Jim Abrams of the Associated Press reported on July 24, 2001 that The
House of Representatives voted to protect money for fighting drugs in
South America from lawmakers who argued that foreign aid dollars would be
better spent against AIDS and other world health problems.
The defeat of amendments to shift money from the Andean antidrug
initiative to health programs was a victory for the Bush administration,
which said that any reductions below what the president wanted ``would
undermine the effort to develop healthy, licit economies and strong
democratic governments in the Andes.''
The $15.2 billion foreign aid spending bill for the fiscal year
beginning Oct. 1 contains $676 million to fight drugs and advance economic
and political stability in Colombia and its neighbors. That total is
already $55 million lower than the president's budget request.
But many lawmakers, led by Democrats, questioned the wisdom of military
aid to Colombia and said combating the ravages of AIDS and other disease
should be a higher foreign aid priority.
By 2005, 100 million people around the world will be infected by
HIV-AIDS, said Rep. Nancy Pelosi, D-Calif. ``How much more staggering
would the numbers have to become for us to respond in a way that is
commensurate with the leadership of our country?''
The bill provides $474 million for international AIDS programs.
Included in that amount is the $100 million the president requested for an
international HIV-AIDS trust fund.
The House, by a 240-188 vote, defeated an amendment proposed by Rep.
Barbara Lee, D-Calif., that would have shifted $60 million from the Andes
initiative and military aid programs to the AIDS trust fund.
Then, by a 249-179 vote, it rejected an attempt by Rep. James McGovern,
D-Mass., that would have reduced military aid to Colombia by $100 million,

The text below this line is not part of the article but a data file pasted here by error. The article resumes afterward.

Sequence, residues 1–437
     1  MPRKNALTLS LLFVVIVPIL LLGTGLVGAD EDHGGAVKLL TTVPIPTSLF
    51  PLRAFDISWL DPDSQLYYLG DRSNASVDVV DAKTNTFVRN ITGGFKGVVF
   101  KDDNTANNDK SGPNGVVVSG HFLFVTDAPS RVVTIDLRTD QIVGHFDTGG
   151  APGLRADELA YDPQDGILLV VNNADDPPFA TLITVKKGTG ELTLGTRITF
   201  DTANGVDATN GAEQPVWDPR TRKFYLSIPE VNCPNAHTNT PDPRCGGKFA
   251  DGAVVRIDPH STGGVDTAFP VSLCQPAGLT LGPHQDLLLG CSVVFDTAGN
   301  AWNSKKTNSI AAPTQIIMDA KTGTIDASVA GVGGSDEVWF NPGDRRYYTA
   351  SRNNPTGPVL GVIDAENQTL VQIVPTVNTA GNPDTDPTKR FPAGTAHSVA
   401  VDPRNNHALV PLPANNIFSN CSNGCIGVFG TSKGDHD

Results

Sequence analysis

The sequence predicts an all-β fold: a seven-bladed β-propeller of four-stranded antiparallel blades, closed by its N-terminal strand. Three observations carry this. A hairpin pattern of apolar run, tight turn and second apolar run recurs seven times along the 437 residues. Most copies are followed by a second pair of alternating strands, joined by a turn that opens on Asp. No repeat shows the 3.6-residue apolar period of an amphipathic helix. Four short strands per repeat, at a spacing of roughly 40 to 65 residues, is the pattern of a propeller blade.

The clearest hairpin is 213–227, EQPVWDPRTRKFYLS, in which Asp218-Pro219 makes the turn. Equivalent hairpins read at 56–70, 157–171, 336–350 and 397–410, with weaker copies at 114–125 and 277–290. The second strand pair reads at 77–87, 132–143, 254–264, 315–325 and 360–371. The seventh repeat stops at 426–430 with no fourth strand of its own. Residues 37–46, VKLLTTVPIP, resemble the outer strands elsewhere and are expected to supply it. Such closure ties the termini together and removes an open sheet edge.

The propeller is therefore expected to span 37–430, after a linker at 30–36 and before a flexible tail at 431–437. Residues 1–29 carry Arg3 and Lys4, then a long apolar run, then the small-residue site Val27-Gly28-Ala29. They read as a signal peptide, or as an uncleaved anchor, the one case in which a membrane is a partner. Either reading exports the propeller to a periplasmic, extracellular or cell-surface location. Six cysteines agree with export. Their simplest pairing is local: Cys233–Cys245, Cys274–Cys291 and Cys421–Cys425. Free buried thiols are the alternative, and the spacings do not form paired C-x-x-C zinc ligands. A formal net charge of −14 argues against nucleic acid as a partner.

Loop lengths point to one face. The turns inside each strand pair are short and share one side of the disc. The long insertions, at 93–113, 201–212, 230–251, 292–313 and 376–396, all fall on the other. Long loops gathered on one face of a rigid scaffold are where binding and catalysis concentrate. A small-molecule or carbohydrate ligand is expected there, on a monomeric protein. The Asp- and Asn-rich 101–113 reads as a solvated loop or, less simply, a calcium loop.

moving half that money into programs to fight tuberculosis and the other
half to child survival programs.
McGovern said he wanted to send a message to the Colombian military
that it must sever all ties with paramilitary groups accused of human
rights violations against Colombian civilians.
But opponents of the two amendments argued that the Andean anti-drug
effort was a vital national security matter. ``What we don't want to do
here today in misguided compassion is to turn the clock back on our
efforts to stem illegal narcotics,'' said Rep. John Mica, R-Fla.
The successor to President Clinton's $1.3 billion anti-drug plan, which
concentrated on military aid to Colombia, the initiative provides support
in such areas as coca crop eradication and crop replacement, judicial
reform and bringing peace to Colombia. It aids Colombia's neighbors'
suffering from spillover effects of illicit drugs and terrorism in that
House members close to the steel industry succeeded Tuesday in amending
the bill to cut $18 million from the Export-Import Bank budget, the same
amount the bank approved in a loan guarantee to a Chinese steel company to
modernize its plant.
``The bank has financed the production of additional steel by a company
that continues to dump steel products in our domestic market,'' said Rep.
Peter Visclosky, D-Ind., before the 258-162 vote.
Opponents of the amendment contended that the Ex-Im Bank, funded
originally at $805 million for the fiscal 2002 budget, provides a valuable
service to small businesses trying to sell their products overseas.
But Rep. Alan Mollohan, D-W.Va., said the steel loan was unwise because
it helps the Chinese steel industry at a time that American steelworkers
are losing work and there is a glut in world steel markets. The House vote
would shift the $18 million to AIDS and children's programs.
The foreign aid bill also includes $768 million for Russia and former
states of the Soviet Union, $2.7 billion in military and economic aid for
Israel and $2 billion in aid for Egypt.
It requires the president to determine whether the Palestine Liberation
Organization is complying with commitments to renounce terrorism and
includes possible sanctions, including closing the PLO information office
in Washington, if the PLO doesn't meet its promises.
The Senate has not yet taken up a version of the bill.
The foreign aid bill is H.R. 2506: On the Net:
House Appropriations: http://www.house.gov/appropriations